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"Much of the Western journalism in Afghanistan today assumes that any Afghan who takes up arms against the West is a fanatical intolerant Muslim who is doing it for religious reasons"

 

William Dalrymple's new offering, Return of a King, is a fabulous account of the First Anglo-Afghan War and its disastrous consequences. As another defeat looms large in Afghanistan, he talks about the obvious parallels and divergences in an interview with Saurabh Kumar Shahi
SAURABH KUMAR SHAHI | Issue Dated: January 20, 2013, New Delhi
Tags : William Dalrymple | Return of a king | Anglo Afghan War |
 

What prompted you to write a book on the First Anglo-Afghan War? Did you find enough curiosity among the readers to lap up this subject?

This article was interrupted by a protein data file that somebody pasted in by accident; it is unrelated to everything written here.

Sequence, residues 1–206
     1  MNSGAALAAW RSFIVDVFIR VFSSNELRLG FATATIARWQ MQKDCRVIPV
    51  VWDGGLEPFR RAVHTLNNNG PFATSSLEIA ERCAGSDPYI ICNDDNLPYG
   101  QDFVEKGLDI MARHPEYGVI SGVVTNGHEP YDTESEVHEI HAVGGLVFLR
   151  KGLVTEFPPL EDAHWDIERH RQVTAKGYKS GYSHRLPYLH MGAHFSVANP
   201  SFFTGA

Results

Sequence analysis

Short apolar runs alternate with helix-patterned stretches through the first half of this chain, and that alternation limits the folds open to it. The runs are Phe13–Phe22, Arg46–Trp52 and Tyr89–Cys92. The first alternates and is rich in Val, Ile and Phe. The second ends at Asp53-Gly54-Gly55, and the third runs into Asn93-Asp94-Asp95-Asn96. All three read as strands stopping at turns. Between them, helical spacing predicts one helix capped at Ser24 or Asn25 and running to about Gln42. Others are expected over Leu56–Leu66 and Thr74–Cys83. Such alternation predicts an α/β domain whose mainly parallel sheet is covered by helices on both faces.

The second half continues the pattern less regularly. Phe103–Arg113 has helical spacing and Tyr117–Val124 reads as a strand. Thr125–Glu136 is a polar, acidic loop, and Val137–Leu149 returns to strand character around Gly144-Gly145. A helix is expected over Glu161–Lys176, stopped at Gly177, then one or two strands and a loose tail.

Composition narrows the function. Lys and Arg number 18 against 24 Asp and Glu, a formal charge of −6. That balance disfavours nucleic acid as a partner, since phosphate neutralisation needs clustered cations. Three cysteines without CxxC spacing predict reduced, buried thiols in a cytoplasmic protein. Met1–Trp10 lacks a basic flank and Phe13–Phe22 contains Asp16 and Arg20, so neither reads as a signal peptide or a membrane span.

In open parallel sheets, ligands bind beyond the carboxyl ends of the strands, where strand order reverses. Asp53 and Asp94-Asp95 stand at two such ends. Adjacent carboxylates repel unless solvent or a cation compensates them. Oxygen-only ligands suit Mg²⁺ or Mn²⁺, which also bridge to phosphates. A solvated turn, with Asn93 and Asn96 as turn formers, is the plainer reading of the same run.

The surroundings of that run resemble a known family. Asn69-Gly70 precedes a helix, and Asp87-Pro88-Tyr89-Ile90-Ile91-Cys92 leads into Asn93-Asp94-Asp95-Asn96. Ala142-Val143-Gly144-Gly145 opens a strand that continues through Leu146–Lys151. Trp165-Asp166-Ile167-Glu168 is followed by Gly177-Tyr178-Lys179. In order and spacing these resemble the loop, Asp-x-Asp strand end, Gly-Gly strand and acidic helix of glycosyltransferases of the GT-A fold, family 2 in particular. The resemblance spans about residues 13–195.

The reason I write any book is not primarily what the readers want, I have to say. The first rule to write a successful book is you need to be passionate about it yourself. Having said that, I must add that it is a consideration. There are thousands of books I want to write on subjects, like my family history etc., who no one else will be interested in reading about. So, readers are a consideration. But it is not the only consideration. While I knew it would not be as successful in India as, say The Last Mughal; as the subject is not directly related to India, I expected it to sell in countries who are affected in one way or other by Afghanistan, including the 50-odd countries that are part of International Security Assistance Force (ISAF). So I thought it was a risk worth taking. Although you are right, it is not a famous story anymore. Very few people know this tale and fewer still know Shah Shuja. So it was a gamble. But the story was fabulous - the simple cinematic image of 18,000 soldiers marching in a country and only one man managing to return past Jalalabad is a driving force. It is such a strong and eternal image that it will work for a thousand years to come.